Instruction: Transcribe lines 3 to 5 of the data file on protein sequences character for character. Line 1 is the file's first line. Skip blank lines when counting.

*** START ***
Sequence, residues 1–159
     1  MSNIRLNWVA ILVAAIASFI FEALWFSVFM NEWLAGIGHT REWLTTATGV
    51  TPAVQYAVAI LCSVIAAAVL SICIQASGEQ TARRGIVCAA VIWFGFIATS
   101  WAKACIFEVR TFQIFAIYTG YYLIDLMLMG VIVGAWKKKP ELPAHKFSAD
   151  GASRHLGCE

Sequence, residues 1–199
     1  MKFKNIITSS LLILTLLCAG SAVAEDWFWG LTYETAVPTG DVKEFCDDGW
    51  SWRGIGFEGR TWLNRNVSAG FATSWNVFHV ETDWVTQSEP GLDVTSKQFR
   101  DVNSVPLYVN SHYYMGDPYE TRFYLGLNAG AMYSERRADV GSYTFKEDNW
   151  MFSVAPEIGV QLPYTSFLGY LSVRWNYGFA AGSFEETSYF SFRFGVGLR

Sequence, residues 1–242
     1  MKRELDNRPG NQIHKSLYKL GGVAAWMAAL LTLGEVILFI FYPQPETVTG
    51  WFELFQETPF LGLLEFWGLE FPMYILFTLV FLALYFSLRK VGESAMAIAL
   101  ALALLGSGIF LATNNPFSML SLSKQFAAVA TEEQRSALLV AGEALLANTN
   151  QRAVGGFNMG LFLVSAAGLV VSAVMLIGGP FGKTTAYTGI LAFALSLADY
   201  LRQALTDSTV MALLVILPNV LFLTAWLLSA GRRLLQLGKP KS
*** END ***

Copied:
    51  TPAVQYAVAI LCSVIAAAVL SICIQASGEQ TARRGIVCAA VIWFGFIATS
   101  WAKACIFEVR TFQIFAIYTG YYLIDLMLMG VIVGAWKKKP ELPAHKFSAD
   151  GASRHLGCE